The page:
In 1915, German Counter-Intelligence Chief Von Sturm learns that someone is providing the British with critical strategic planning for the Turkish theater. He suspects Ali Bey, Turkish ... See full summary »
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In 1915, German Counter-Intelligence Chief Von Sturm learns that someone is providing the British with critical strategic planning for the Turkish theater. He suspects Ali Bey, Turkish commander for the Dardanelles, and dispatches Annemarie to Constantinople to secure the proof. En route she becomes involved with Douglas Beall, a footloose American. Complications ensue, requiring Annemarie to engage in some dangerous improvisations. Written by
Stephen Bayer <email@example.com>
The soundtrack and scenery was all wrong for Istanbul, shockingly wrong, as if Istanbul was medieval Baghdad as opposed to 20th century Anatolia. More importantly, and similarly, the two times that they showed messages (1 theatrical announcement, and 1 message to Ali Bey) in Ottoman Turkish, the messages were actually written in Arabic, not Turkish. See more »
When Ali Bey arrives at the charity bazaar, his soldiers salute him, and the salutes are standard right-hand-to-the-forehead salutes, except for the soldier who holds his thumb to his nose, with the palm open and his four fingers extended (but not wiggling). Yet it still appears as if he is thumbing his nose at Ali Bey. See more »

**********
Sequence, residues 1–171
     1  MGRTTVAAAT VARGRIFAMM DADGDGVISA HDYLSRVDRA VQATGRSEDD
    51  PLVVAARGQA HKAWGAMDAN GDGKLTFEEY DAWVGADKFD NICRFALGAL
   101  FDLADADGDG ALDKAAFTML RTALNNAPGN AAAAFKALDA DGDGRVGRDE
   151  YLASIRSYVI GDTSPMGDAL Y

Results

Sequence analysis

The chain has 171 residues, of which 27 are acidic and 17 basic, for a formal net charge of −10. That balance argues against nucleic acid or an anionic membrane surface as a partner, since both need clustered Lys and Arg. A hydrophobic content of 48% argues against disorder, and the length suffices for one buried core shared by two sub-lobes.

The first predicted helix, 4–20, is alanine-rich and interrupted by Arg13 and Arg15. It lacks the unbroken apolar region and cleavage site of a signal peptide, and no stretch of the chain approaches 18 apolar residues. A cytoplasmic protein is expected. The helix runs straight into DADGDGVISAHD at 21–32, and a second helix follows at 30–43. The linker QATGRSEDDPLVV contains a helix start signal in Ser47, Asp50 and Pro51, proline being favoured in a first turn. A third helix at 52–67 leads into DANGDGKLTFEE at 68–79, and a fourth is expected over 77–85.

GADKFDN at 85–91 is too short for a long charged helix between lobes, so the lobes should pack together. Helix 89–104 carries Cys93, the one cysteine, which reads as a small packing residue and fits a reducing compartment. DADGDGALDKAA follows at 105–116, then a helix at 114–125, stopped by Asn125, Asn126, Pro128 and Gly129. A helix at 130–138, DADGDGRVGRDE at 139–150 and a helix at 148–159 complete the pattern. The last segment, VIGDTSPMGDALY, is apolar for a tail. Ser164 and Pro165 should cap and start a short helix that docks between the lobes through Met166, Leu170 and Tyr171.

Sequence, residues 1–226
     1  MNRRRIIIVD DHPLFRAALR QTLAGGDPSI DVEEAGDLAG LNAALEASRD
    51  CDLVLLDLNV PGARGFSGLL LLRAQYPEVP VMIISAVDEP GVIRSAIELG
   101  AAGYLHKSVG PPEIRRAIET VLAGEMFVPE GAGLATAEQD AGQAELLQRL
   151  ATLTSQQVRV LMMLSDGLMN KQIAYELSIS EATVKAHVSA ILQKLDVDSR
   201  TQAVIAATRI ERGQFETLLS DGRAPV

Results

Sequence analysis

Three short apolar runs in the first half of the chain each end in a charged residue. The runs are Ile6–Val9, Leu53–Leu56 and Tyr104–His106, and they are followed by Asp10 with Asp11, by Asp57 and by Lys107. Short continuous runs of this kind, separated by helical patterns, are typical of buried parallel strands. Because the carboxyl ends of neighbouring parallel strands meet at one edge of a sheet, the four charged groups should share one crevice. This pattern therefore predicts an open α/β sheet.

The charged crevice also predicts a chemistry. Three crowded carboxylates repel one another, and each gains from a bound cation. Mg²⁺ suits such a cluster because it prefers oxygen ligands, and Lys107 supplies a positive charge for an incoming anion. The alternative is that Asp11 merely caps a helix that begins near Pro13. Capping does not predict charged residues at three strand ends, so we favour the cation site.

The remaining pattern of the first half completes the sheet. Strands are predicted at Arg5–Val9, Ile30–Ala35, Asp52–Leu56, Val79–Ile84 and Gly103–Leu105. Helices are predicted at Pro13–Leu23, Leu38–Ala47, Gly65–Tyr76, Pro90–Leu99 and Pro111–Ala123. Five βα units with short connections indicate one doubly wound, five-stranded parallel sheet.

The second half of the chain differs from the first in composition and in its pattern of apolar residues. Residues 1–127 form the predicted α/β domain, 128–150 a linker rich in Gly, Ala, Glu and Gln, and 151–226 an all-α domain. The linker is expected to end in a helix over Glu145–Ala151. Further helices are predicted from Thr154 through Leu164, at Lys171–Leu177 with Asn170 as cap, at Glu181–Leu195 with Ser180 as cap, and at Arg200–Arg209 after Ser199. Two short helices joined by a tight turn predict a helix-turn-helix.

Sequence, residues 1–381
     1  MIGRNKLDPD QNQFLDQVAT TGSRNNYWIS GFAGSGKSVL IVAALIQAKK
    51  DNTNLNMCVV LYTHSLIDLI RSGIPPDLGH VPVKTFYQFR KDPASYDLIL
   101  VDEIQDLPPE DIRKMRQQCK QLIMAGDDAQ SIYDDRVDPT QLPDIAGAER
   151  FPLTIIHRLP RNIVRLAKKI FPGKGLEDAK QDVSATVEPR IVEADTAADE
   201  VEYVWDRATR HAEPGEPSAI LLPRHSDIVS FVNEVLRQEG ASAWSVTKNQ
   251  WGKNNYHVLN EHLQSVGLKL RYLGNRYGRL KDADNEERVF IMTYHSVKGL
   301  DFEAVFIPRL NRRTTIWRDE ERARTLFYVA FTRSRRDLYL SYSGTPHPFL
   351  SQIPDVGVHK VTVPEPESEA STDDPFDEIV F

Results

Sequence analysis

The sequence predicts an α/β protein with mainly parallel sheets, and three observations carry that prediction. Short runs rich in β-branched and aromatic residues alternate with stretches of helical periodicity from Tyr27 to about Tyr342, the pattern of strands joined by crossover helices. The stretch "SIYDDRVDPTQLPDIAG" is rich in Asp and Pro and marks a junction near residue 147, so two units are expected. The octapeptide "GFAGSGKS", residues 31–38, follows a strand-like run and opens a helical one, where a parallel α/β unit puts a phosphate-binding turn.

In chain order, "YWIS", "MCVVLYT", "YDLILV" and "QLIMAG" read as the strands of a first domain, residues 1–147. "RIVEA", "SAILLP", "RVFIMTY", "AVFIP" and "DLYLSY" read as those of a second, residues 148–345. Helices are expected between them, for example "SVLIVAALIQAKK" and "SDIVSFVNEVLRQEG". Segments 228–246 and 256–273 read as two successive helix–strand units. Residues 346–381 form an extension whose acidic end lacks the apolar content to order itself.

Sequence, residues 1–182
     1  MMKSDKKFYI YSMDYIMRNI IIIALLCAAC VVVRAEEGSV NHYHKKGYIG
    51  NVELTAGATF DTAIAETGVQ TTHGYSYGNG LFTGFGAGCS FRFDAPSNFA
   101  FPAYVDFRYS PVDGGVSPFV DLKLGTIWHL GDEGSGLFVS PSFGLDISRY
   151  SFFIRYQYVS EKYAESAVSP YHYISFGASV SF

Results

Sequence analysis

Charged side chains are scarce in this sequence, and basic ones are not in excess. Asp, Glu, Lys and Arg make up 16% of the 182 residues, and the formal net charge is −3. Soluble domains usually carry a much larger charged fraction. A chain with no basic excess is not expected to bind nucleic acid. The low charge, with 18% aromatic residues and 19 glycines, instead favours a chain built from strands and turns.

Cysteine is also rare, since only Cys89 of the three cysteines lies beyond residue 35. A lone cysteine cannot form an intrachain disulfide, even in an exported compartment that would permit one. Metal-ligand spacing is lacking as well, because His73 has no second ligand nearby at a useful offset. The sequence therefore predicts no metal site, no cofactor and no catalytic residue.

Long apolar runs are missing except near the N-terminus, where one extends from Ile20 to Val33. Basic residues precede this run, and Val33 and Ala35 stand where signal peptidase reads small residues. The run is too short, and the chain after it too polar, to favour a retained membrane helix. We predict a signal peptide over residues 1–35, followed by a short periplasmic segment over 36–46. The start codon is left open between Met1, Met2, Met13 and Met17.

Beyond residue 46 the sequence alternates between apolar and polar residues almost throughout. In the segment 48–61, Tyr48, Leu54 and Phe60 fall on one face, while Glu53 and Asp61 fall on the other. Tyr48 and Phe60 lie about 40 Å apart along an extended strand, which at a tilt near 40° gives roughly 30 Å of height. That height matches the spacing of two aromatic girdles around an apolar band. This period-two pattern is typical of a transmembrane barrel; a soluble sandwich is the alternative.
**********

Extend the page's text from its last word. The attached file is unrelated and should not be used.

There is really nothing to recommend this film, despite the quality of the actors (Myrna Loy, Lionel Atwill, Mischa Auer, Douglas Dumbrille) and the director (Sam Wood), photographer (James Wong Howe) and writer (Herman Mankiewicz) as well as the fact that the story is based on the exploits of a legendary German spy. All of which goes to show that even quality ingredients don't necessarily guarantee a fine outcome.
One of the problems is the lack of chemistry between Loy and George Brent, who is not one of my favorite actors from the 30s. Nor does the film have many of the under currents in other mid 30s films that deal with World War 1 but which are trying to caution against World War 2.
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